Anaesthetics consist of a number of medications that can cause side effects in some people.
These are some of the side effects of general or regional anaesthetics:

  • Nausea or vomiting (1 in 3 people feel sick after an operation)
  • Sore throat
  • Aches and pains
  • Dizziness
  • Blurred vision
  • Headache
  • Itchiness
  • Bruising and soreness

These side effects do not last very long and can be treated with further medication if necessary.


Anaesthesia has become much safer over the years and advances have meant that serious problems are uncommon.
However, there are always potential complications:

  • Permanent nerve damage (cause numbness or paralysis)
  • Anaphylaxis (serious allergic reaction)
  • Death (approx. 5 deaths for every million anaesthetics given in the UK).

History of Anaesthesia

Thankfully, anaesthetics have been developed and so now they are used commonly under safe situations. However, it has not always been like this.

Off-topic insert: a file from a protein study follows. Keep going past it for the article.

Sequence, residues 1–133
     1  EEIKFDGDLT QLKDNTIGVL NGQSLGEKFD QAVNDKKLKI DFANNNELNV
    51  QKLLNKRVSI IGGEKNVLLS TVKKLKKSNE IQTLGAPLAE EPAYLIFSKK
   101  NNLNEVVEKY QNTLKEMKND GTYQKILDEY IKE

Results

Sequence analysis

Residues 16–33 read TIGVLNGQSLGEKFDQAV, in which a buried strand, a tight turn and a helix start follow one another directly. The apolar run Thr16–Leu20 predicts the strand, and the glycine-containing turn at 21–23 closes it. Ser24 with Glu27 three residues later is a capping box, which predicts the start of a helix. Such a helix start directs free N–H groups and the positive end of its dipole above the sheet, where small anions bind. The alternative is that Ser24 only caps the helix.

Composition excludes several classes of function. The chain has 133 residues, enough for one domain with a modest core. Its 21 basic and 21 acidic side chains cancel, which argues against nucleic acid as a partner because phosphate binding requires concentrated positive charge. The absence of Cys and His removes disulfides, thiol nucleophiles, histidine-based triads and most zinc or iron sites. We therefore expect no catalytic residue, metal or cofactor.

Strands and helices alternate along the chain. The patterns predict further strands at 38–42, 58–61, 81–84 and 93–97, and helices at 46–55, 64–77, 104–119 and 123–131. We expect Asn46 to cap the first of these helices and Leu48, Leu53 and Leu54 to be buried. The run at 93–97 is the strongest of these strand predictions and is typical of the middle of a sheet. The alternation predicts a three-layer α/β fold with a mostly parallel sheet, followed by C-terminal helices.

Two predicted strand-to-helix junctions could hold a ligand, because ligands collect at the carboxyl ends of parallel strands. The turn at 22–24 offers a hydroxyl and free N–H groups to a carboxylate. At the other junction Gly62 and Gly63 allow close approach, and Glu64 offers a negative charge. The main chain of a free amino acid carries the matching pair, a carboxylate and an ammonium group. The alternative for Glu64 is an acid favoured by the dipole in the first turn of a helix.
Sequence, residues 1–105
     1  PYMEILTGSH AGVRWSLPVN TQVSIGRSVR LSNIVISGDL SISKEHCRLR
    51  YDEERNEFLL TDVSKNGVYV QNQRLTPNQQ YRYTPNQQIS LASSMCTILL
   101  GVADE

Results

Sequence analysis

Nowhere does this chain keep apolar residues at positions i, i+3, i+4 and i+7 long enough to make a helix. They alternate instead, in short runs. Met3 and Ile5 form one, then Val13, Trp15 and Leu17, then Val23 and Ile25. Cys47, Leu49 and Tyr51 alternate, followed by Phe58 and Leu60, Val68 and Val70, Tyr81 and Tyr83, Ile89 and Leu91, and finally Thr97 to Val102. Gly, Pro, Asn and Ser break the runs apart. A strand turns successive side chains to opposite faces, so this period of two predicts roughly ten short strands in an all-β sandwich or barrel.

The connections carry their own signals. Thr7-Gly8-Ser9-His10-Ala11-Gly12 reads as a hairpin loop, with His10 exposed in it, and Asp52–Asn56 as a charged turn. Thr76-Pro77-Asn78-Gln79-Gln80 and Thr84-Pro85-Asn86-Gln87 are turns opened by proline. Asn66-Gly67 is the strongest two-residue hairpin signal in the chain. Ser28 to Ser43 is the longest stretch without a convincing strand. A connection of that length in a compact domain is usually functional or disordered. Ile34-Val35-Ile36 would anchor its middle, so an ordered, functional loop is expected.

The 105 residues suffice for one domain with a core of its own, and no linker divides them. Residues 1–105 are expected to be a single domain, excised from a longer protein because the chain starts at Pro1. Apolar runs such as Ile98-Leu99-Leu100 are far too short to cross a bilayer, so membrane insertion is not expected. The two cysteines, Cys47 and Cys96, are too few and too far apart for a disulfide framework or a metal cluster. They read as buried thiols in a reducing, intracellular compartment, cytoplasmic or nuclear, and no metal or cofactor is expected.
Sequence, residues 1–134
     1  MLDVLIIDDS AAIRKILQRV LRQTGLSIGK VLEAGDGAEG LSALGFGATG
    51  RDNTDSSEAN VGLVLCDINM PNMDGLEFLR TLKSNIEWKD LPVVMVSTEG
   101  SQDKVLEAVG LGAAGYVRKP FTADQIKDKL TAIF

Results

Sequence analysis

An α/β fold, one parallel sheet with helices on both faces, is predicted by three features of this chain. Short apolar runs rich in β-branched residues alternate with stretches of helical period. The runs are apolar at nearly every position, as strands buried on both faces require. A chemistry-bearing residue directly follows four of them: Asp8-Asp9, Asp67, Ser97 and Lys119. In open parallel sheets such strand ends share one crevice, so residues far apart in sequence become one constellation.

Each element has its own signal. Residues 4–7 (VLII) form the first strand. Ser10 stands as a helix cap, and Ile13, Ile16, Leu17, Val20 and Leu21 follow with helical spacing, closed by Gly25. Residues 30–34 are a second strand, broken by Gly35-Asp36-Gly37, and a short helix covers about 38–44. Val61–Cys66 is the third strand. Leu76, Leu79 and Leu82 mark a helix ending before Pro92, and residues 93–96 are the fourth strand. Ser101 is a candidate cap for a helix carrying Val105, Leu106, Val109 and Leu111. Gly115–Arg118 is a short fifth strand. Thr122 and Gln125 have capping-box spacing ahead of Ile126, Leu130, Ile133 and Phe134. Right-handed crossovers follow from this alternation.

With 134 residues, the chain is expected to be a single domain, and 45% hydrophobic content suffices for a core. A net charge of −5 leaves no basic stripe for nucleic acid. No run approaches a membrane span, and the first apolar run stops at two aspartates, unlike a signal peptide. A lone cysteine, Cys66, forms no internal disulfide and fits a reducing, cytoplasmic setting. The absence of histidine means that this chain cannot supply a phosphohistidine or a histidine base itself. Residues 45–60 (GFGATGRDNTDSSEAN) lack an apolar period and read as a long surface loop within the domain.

The concept of anaesthesia has been around since they have been performing surgery.

Early anaesthetics such as soporifics (which dull the senses and induce sleep) and narcotics (including opium, mandrake, jimson weed, marijuana, alcohol and belladonna) were all used as substitutes of today’s drugs. Although all of these can provide some pain relief, sedation or amnesia, there were no guarantees.
In mid 1840s, opium and alcohol were the only two substances used regularly as anaesthesia in industrial countries. There were many negative side effects to using these:

  • Patients could easily become addicted
  • The doses needed to provide the amount of pain relief/ sedation could easily result in death.
  • Surgery usually resulted in the tortured screams of patients because the anaesthesia wasn’t good enough.

1845– Dr Horace Wells was the first person to use nitrous oxide to pull teeth out

Dr Horace Wells

Dr Horace Wells

1846– Dr William Morton removed a tumour for the jaw of a patient. He used a sponge soaked in ether and the patient claimed he had no memory of the surgery or any pain.

Dr William Morton

Dr William Morton

Chloroform was first used as an anaesthetic in the mid 1840s by Dr James Simpson. It is highly toxic and so ether was used instead in the early 1900s.